The choice of endoscopic (ie, ERCP) versus percutaneous cholangiography hinges on the patient's anatomy and general health status and on the availability of local expertise.

Very often, a combination of both techniques is necessary to achieve complete ductal clearance of stones and to ensure that drainage of the biliary tree has been optimized.

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Contributor Information and Disclosures
Author

Praveen K Roy, MD, AGAF Chief of Gastroenterology, Presbyterian Hospital; Medical Director of Endoscopy, Presbyterian Medical Group; Adjunct Associate Research Scientist, Lovelace Respiratory Research Institute

Praveen K Roy, MD, AGAF is a member of the following medical societies: American Gastroenterological Association, American Society for Gastrointestinal Endoscopy

Disclosure: Nothing to disclose.

Coauthor(s)

Rajan Kanth, MD Hospitalist, Ministry Saint Joseph’s Hospital

Rajan Kanth, MD is a member of the following medical societies: American College of Physicians, Society of Hospital Medicine, Nepal Medical Association

Disclosure: Nothing to disclose.

Specialty Editor Board

Francisco Talavera, PharmD, PhD Adjunct Assistant Professor, University of Nebraska Medical Center College of Pharmacy; Editor-in-Chief, Medscape Drug Reference

Disclosure: Received salary from Medscape for employment. for: Medscape.

BS Anand, MD Professor, Department of Internal Medicine, Division of Gastroenterology, Baylor College of Medicine

BS Anand, MD is a member of the following medical societies: American Association for the Study of Liver Diseases, American College of Gastroenterology, American Gastroenterological Association, American Society for Gastrointestinal Endoscopy

Disclosure: Nothing to disclose.

Chief Editor

Julian Katz, MD Clinical Professor of Medicine, Drexel University College of Medicine

Julian Katz, MD is a member of the following medical societies: American College of Gastroenterology, American College of Physicians, American Gastroenterological Association, American Geriatrics Society, American Medical Association, American Society for Gastrointestinal Endoscopy, American Society of Law, Medicine & Ethics, American Trauma Society, Association of American Medical Colleges, Physicians for Social Responsibility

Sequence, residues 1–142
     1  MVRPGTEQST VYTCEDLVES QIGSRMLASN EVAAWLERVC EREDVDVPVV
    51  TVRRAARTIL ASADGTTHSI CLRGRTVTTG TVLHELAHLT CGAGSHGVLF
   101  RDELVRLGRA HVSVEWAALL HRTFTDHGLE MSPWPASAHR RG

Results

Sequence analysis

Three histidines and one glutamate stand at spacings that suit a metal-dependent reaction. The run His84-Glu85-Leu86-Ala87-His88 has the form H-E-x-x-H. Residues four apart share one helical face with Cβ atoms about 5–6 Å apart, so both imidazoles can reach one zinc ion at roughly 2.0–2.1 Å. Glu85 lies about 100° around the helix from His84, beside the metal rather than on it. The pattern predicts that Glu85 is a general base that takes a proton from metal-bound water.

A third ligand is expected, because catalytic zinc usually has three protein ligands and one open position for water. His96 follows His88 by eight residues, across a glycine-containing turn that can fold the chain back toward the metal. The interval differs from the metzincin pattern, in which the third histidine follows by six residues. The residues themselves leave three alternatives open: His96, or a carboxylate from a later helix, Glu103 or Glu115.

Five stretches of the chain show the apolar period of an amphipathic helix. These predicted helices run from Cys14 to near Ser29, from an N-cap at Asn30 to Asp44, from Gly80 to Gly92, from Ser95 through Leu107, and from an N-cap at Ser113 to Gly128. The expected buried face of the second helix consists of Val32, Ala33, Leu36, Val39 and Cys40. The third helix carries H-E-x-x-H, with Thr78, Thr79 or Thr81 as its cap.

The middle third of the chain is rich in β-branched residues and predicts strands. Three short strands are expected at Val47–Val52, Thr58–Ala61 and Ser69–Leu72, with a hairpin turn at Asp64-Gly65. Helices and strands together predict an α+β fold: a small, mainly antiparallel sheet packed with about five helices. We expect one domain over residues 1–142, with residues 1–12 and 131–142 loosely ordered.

Disclosure: Nothing to disclose.

Additional Contributors

Anil Minocha, MD, FACP, FACG, AGAF, CPNSS Professor of Medicine, Director of Digestive Diseases, Medical Director of Nutrition Support, Medical Director of Gastrointestinal Endoscopy, Internal Medicine Department, University of Mississippi Medical Center; Clinical Professor, University of Mississippi School of Pharmacy

Anil Minocha, MD, FACP, FACG, AGAF, CPNSS is a member of the following medical societies: American Academy of Clinical Toxicology, American Society for Gastrointestinal Endoscopy, American Federation for Clinical Research, American Association for the Study of Liver Diseases, American College of Forensic Examiners Institute, American College of Gastroenterology, American College of Physicians, American Gastroenterological Association

Disclosure: Nothing to disclose.

Acknowledgements

The authors and editors of Medscape Reference gratefully acknowledge the contributions of previous author Patrick I Okolo III, MD, MPH, and previous coauthor Sam Yoselevitz, MD, to the development and writing of this article.